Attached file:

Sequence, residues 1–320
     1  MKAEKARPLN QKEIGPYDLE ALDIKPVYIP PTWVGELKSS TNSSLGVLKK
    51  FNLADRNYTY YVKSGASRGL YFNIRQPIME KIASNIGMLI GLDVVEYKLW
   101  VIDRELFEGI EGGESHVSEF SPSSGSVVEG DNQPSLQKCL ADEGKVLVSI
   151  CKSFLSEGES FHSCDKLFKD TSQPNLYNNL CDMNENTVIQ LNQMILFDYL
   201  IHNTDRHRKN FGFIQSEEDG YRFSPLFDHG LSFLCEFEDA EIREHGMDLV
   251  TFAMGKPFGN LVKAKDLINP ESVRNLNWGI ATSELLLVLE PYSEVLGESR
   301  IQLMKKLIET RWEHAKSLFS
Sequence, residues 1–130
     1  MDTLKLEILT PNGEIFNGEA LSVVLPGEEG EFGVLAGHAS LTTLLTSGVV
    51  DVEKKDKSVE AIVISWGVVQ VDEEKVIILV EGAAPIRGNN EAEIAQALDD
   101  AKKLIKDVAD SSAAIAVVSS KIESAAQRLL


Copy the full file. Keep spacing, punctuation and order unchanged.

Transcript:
Sequence, residues 1–320
     1  MKAEKARPLN QKEIGPYDLE ALDIKPVYIP PTWVGELKSS TNSSLGVLKK
    51  FNLADRNYTY YVKSGASRGL YFNIRQPIME KIASNIGMLI GLDVVEYKLW
   101  VIDRELFEGI EGGESHVSEF SPSSGSVVEG DNQPSLQKCL ADEGKVLVSI
   151  CKSFLSEGES FHSCDKLFKD TSQPNLYNNL CDMNENTVIQ LNQMILFDYL
   201  IHNTDRHRKN FGFIQSEEDG YRFSPLFDHG LSFLCEFEDA EIREHGMDLV
   251  TFAMGKPFGN LVKAKDLINP ESVRNLNWGI ATSELLLVLE PYSEVLGESR
   301  IQLMKKLIET RWEHAKSLFS
Sequence, residues 1–130
     1  MDTLKLEILT PNGEIFNGEA LSVVLPGEEG EFGVLAGHAS LTTLLTSGVV
    51  DVEKKDKSVE AIVISWGVVQ VDEEKVIILV EGAAPIRGNN EAEIAQALDD
   101  AKKLIKDVAD SSAAIAVVSS KIESAAQRLL